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6 Questions to Magna’s Vincent Letang on trends shaping APAC ad revenues

Magna Global’s ad forecast for 2014 spells some positive news for global advertising revenues. In specific, Asia and the digital landscape are slated to record some high decibel activities in the year ahead. While recognising the high digital growth and penetration in China and digital sophisitication in markets such as Australia, Magna Global has also singled out Vietnam, Indonesia and Philippines strongest growth markets in APAC. Video is already on the rise in the region and programmatic, despite its low penetration in APAC, is becoming important in size for specific markets in the region as well.
In a conversation with DMA, Vincent Letang, EVP, Director of Global Forecasting at Magna Global, elaborates further on some of the trends that are defining advertising revenues for the region.
There have been too many conversations to say that markets such as India and China are slowing down in the APAC. Do you think some of these conversations will change with the expected 8.7 per cent growth in the region?
We expect an acceleration in ad spend in markets like China and India in 2014 due mostly to one-time advertising boosts. In addition, the economies are stabilising, and in India’s case improving in 2014. Nominal GDP in APAC region will improve from 7 per cent to 7.8 per cent in 2014 in comparison to 2013, which drives some of the year on year improvement seen in our forecast.
You have sited SE Asia markets as markets of strongest growth – what is contributing to this growth and what are the digital ad revenue trends for the three markets of Vietnam Indonesia and Philippines?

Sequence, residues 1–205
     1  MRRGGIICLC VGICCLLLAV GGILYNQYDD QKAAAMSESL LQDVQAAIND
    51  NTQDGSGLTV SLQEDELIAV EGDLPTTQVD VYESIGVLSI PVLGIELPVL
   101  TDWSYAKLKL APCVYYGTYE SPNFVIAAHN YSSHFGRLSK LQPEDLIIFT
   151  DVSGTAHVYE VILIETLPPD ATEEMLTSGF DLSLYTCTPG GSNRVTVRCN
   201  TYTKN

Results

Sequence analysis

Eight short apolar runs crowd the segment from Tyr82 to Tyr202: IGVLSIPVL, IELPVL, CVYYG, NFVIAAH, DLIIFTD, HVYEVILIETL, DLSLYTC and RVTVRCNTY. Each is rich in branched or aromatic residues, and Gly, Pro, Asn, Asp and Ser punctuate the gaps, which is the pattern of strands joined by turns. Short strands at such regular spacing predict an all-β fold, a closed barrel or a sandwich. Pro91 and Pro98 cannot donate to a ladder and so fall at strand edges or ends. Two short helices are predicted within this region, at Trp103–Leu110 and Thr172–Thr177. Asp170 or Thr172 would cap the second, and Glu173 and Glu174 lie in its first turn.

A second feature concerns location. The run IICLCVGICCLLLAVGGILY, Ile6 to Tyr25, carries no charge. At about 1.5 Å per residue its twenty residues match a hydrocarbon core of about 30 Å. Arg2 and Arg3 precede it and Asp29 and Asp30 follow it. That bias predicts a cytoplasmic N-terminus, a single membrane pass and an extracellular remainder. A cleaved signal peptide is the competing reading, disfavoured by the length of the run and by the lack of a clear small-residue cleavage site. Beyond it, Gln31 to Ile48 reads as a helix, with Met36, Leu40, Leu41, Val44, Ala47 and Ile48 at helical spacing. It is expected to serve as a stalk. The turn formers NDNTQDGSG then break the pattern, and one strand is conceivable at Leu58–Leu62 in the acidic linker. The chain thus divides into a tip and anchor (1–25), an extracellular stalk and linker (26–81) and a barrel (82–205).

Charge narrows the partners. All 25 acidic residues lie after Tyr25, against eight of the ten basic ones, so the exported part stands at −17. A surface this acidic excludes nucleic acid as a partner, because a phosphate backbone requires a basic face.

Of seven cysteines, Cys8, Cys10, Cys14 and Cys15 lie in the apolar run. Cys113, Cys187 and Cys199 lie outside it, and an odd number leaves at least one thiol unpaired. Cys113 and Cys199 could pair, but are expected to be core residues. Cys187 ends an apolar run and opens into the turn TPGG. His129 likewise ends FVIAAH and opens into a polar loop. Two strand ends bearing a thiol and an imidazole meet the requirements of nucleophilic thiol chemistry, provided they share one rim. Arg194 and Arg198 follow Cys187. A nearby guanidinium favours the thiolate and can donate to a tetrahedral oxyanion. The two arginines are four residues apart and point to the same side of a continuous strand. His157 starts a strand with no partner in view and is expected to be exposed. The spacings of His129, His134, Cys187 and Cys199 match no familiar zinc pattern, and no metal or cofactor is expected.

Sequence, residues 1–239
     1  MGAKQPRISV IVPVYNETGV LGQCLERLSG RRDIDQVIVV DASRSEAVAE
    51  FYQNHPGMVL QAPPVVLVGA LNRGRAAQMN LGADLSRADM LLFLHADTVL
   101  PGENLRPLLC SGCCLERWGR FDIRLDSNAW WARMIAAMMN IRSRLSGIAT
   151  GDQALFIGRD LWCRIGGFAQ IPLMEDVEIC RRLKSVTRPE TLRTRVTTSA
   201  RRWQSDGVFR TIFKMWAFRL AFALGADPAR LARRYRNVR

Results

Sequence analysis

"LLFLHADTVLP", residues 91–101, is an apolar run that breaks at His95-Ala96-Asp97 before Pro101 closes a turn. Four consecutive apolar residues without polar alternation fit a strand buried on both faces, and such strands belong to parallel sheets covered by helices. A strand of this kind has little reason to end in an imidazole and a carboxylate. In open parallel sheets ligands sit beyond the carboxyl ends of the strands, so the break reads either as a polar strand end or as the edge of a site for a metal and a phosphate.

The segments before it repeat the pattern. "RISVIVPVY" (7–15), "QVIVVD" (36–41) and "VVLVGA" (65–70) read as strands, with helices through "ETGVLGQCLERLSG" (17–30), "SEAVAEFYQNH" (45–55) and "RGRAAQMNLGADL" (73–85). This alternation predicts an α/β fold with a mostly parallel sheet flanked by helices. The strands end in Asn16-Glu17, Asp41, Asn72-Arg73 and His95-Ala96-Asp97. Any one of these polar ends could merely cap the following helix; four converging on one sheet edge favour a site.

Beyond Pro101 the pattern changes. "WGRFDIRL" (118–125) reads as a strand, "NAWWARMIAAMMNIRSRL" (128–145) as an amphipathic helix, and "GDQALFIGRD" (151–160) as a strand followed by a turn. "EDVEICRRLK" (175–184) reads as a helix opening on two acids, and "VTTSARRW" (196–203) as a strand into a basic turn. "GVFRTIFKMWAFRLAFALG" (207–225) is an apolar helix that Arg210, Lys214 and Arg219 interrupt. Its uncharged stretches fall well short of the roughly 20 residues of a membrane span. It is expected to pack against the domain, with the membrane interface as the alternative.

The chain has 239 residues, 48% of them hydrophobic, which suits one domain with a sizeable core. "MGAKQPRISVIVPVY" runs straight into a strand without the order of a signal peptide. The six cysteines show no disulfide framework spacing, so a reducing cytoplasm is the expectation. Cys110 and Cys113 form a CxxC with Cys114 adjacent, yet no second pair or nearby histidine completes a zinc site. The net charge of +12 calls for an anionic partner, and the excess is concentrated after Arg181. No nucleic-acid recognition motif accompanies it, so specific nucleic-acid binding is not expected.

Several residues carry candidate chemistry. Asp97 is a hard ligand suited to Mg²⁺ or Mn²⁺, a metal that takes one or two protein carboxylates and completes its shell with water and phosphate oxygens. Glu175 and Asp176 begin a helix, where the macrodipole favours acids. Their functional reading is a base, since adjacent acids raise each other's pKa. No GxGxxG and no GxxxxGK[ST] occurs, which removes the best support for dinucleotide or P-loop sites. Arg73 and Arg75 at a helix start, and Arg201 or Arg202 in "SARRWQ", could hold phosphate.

The ad spend growth is primarily driven by economic growth. Nominal GDP in most of the Southeast Asian markets is growing in double digits. In addition, there are some special circumstances in some of those markets in 2014 such as Presidential elections in Indonesia next summer that will cause additional strength especially in TV advertising. In regard to digital growth, all of those markets have very low current digital penetration (at around 5 per cent), so growth remains very strong but off a low base. Digital alone is not yet large enough.
China is set to be the second largest ad market globally. Given the nature of the market, that has very strong state-owned and local Chinese brands vs global companies, what are some of the challenges ahead for agencies and marketers?
China will pass Japan in 2015 to be the second largest market. The biggest challenges for international players in the Chinese markets, other than regulations that favour local players, are things such as local digital infrastructure; you can’t take the same lessons with Facebook and Google to the Chinese market and implement your strategies there. In addition, the TV sales houses are very concentrated and it makes negotiation more difficult. I do think that as the market increases in size over the next several years, you will increasingly see global companies dominating the top 10 brand spend as they do in most other large international markets.